A Theory of Justice / Edition 2

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Overview

Since it appeared in 1971, John Rawls's A Theory of Justice has become a classic. The author has now revised the original edition to clear up a number of difficulties he and others have found in the original book.

Rawls aims to express an essential part of the common core of the democratic tradition--justice as fairness--and to provide an alternative to utilitarianism, which had dominated the Anglo-Saxon tradition of political thought since the nineteenth century. Rawls substitutes the ideal of the social contract as a more satisfactory account of the basic rights and liberties of citizens as free and equal persons. "Each person," writes Rawls, "possesses an inviolability founded on justice that even the welfare of society as a whole cannot override." Advancing the ideas of Rousseau, Kant, Emerson, and Lincoln, Rawls's theory is as powerful today as it was when first published.

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Editorial Reviews

Choice

Rawls's Theory of Justice is widely and justly regarded as this century's most important work of political philosophy. Originally published in 1971, it quickly became the subject of extensive commentary and criticism, which led Rawls to revise some of the arguments he had originally put forward in this work...This edition will certainly become the definitive one; all scholars will use it, and it will be an essential text for any academic library. It contains a new preface that helpfully outlines the major revisions, and a 'conversion table' that correlates the pagination of this edition with the original, which will be useful to students and scholars working with this edition and the extensive secondary literature on Rawls's work. Highly recommended.
— J. D. Moon

Times Literary Supplement
[Rawls] has elucidated a conception of justice which goes beyond anything to be found in Kant or Rousseau. It is a convincing refutation, if one is needed, of any lingering suspicions that the tradition of English-speaking political philosophy might be dead. Indeed, his book might plausibly be claimed to be the most notable contribution to that tradition to have been published since Sidgwick and Mill.
Civilization

With the simple carpentry of its arguments, its egalitarian leanings, and its preoccupation with fairness, Rawls's classic 1971 work, A Theory of Justice, is as American a book as, say, Mark Twain's The Adventures of Huckleberry Finn.

— Will Blythe

New York Times Book Review - Marshall Cohen
In his magisterial new work...John Rawls draws on the most subtle techniques of contemporary analytic philosophy to provide the social contract tradition with what is, from a philosophical point of view at least, the most formidable defense it has yet received...[and] makes available the powerful intellectual resources and the comprehensive approach that have so far eluded antiutilitarians. He also makes clear how wrong it was to claim, as so many were claiming only a few years back, that systematic moral and political philosophy are dead...Whatever else may be true it is surely true that we must develop a sterner and more fastidious sense of justice. In making his peerless contribution to political theory, John Rawls has made a unique contribution to this urgent task. No higher achievement is open to a scholar.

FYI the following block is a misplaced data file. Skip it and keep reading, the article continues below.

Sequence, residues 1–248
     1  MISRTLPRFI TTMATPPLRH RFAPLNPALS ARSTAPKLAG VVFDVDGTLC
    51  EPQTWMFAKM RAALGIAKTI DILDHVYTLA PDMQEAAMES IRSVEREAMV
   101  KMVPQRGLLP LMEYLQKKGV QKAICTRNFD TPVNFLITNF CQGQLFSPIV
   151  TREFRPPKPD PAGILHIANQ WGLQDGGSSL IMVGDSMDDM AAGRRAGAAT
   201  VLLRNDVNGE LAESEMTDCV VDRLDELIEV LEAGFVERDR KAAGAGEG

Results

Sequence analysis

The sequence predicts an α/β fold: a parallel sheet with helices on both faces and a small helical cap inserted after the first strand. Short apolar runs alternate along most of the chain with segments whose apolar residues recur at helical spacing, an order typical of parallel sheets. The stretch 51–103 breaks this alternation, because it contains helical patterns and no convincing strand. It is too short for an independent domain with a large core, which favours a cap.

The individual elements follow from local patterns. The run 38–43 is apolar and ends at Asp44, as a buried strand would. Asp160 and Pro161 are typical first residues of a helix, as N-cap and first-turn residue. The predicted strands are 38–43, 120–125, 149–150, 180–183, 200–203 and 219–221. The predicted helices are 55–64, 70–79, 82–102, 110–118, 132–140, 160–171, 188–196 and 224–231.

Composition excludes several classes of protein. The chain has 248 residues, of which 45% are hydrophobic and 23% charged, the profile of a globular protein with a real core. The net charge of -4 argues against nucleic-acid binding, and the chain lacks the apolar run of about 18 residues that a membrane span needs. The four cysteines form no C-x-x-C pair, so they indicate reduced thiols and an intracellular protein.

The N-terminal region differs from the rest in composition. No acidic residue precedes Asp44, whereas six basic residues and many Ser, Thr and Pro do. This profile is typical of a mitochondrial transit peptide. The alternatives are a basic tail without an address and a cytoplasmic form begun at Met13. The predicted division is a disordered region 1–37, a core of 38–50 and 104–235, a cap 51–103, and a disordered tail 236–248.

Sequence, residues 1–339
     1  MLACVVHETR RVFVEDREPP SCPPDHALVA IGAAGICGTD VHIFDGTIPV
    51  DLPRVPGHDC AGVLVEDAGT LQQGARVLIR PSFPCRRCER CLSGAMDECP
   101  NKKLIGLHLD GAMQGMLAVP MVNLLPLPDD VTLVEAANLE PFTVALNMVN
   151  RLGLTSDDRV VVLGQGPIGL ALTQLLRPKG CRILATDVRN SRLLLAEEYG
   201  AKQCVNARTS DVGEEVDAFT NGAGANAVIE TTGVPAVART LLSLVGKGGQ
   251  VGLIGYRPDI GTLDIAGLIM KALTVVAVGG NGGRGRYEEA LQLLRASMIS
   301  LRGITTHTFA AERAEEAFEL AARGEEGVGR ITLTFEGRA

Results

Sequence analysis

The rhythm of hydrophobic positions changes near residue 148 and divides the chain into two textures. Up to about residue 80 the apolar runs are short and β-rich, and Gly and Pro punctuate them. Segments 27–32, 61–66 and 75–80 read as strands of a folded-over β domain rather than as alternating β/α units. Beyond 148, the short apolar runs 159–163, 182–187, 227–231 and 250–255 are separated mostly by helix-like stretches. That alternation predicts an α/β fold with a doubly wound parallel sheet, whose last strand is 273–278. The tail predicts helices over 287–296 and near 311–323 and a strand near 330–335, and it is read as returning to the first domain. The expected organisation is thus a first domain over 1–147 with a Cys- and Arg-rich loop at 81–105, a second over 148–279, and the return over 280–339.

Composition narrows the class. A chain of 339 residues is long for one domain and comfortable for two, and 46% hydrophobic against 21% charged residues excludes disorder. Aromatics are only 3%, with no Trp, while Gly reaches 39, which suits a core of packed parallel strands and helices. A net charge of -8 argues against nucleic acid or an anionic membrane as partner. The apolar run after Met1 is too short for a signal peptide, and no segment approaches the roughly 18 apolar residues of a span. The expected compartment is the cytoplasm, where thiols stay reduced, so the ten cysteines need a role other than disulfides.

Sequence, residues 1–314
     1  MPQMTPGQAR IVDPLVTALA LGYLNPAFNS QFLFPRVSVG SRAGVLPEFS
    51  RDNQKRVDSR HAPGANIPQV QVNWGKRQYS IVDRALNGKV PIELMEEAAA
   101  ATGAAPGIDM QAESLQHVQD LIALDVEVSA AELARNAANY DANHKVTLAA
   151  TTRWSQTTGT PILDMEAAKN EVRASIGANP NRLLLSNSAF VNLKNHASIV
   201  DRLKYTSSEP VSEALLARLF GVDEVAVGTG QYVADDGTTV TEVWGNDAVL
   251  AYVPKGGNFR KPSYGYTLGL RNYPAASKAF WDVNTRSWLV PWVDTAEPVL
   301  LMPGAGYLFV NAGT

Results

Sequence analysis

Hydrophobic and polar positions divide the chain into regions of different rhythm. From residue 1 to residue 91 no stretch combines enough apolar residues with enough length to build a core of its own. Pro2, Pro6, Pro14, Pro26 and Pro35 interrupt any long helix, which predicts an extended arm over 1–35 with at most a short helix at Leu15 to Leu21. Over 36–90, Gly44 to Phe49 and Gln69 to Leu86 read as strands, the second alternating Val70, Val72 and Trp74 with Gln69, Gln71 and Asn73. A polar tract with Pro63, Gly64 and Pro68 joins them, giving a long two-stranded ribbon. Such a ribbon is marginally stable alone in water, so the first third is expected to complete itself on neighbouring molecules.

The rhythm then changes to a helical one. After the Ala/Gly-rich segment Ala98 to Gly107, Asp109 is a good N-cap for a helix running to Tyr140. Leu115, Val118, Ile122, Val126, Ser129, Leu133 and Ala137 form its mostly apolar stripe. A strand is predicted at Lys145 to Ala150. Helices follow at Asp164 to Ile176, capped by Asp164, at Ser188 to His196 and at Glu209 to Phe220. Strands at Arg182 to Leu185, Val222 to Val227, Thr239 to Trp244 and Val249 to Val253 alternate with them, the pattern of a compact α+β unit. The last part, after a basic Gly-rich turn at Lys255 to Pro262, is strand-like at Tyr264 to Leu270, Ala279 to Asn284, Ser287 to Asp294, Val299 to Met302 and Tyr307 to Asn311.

New Republic - Peter Caws
Enlightenment comes in various forms, sometimes even by means of books. And it is a pleasure to recommend...an indigenous American philosophical masterpiece of the first order...I mean...to press my recommendation of [this book] to non-philosophers, especially those holding positions of responsibility in law and government. For the topic with which it deals is central to this country's purposes, and the misunderstanding of that topic is central to its difficulties...And the central idea is simple, elegant, plausible, and easily applied by anybody at any time as a measure of the justice of his own actions.
Choice - J. D. Moon
Rawls's Theory of Justice is widely and justly regarded as this century's most important work of political philosophy. Originally published in 1971, it quickly became the subject of extensive commentary and criticism, which led Rawls to revise some of the arguments he had originally put forward in this work...This edition will certainly become the definitive one; all scholars will use it, and it will be an essential text for any academic library. It contains a new preface that helpfully outlines the major revisions, and a 'conversion table' that correlates the pagination of this edition with the original, which will be useful to students and scholars working with this edition and the extensive secondary literature on Rawls's work. Highly recommended.
Civilization - Will Blythe
With the simple carpentry of its arguments, its egalitarian leanings, and its preoccupation with fairness, Rawls's classic 1971 work, A Theory of Justice, is as American a book as, say, Mark Twain's The Adventures of Huckleberry Finn.
Choice
Rawls's Theory of Justice is widely and justly regarded as this century's most important work of political philosophy. Originally published in 1971, it quickly became the subject of extensive commentary and criticism, which led Rawls to revise some of the arguments he had originally put forward in this work...This edition will certainly become the definitive one; all scholars will use it, and it will be an essential text for any academic library. It contains a new preface that helpfully outlines the major revisions, and a 'conversion table' that correlates the pagination of this edition with the original, which will be useful to students and scholars working with this edition and the extensive secondary literature on Rawls's work. Highly recommended.
— J. D. Moon
Civilization
With the simple carpentry of its arguments, its egalitarian leanings, and its preoccupation with fairness, Rawls's classic 1971 work, A Theory of Justice, is as American a book as, say, Mark Twain's The Adventures of Huckleberry Finn.

— Will Blythe

New Republic
Enlightenment comes in various forms, sometimes even by means of books. And it is a pleasure to recommend...an indigenous American philosophical masterpiece of the first order...I mean...to press my recommendation of [this book] to non-philosophers, especially those holding positions of responsibility in law and government. For the topic with which it deals is central to this country's purposes, and the misunderstanding of that topic is central to its difficulties...And the central idea is simple, elegant, plausible, and easily applied by anybody at any time as a measure of the justice of his own actions.